TRIVIAL PURSUIT: In the comic storyline the movie is based on, it is Kitty Pryde who travels back in time, not Wolverine. The change was made for continuity reasons – in the 1970s Pryde wouldn’t have been born yet, whereas Logan is ageless and would appear exactly the same in both future and past.

CRITICAL MASS: As of 6/1/14: Rotten Tomatoes: 92% positive reviews. Metacritic: 74/100.

COMPARISON SHOPPING: Terminator 2: Judgment Day

FINAL RATING: 7.5/10

NEXT: A Million Ways to Die in the West

Lore


Lore's future looks bittersweet.

Lore’s future looks bittersweet.

(2012) Drama (Music Box) Saskia Rosendahl, Nele Trebs, Andre Frid, Mika Seidel, Kai-Peter Malina, Nick Holaschke, Ursina Lardi, Hans-Jochen Wagner, Sven Pippig, Philip Wiegratz, Katrin Pollitt, Hendrik Arnst, Claudia Geisler. Directed by Cate Shortland   

 Offshoring

Florida Film Festival 2013

 

The Second World War left millions of refugees at its end, many traversing shattered lands as survivors tried to find some semblance of family, often with roughly the same odd of finding a needle in a haystack.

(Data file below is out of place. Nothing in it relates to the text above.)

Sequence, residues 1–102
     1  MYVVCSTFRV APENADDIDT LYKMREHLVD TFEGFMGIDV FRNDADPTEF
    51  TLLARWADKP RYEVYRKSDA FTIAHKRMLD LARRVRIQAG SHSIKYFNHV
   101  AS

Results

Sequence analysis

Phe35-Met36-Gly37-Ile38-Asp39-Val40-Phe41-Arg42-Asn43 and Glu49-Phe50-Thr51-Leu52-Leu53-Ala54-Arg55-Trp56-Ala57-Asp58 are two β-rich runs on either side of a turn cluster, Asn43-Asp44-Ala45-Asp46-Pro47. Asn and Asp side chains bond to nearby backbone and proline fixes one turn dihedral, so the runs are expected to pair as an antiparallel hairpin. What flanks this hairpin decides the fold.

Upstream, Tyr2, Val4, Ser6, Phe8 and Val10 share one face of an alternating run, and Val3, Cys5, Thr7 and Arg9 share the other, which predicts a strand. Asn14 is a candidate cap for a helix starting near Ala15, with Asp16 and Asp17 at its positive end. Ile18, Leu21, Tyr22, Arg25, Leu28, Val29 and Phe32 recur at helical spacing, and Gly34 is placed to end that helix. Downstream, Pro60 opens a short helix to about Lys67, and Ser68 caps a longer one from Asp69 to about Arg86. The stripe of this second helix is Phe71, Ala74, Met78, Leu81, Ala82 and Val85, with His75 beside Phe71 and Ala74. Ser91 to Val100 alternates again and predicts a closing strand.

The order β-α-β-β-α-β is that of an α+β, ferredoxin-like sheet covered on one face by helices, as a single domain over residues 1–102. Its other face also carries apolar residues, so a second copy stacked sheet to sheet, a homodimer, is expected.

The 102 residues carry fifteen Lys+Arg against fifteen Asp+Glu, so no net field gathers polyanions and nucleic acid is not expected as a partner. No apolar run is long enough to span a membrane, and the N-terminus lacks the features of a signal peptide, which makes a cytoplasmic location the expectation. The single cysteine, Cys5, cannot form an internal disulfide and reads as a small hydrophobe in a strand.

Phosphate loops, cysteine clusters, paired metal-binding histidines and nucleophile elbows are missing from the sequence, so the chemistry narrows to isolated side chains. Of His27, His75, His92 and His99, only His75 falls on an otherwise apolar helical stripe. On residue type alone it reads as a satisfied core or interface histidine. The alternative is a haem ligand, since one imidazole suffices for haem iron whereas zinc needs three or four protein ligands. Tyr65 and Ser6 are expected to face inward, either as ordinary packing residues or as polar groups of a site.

Lore (Rosendahl) is a beautiful young German girl just entering her mid-teens. Her parents are important people and they live in a beautiful home near Buchenwald. She has a younger sister, younger twin brothers and a baby brother. Life is good.

Except that this isn’t modern Germany but Nazi Germany and the war is grinding to a conclusion. Her father (Wagner) and mother (Lardi) are fleeing their home and headed to a rural cabin to hide, hoping for the best but fearing that if the Americans win the war that they’ll be arrested. In fact, that’s what actually happens. Alone, Lore knows she must take the children to her grandmother’s house 900km away. Without any choice, she hits the road.

Once there they are followed by a mysterious young man in black. Lore frets. At a schoolhouse where many have taken refuge, the American soldiers have posted pictures of the concentration camps. Lore is shocked at the horror depicted. Some disbelieve it completely – “they’re actors,” is the general thought. Lore knows better – one of the “actors” peering down at a pit of dead emaciated bodies is her father.

When Lore and the kids are stopped on the road by American soldiers demanding travel papers, she is terrified but the young man, who calls himself Thomas (Malina) and has the necessary papers (not to mention a Star of David identifying him as a concentration camp survivor) intervenes and gets them  a ride for at least part of the distance.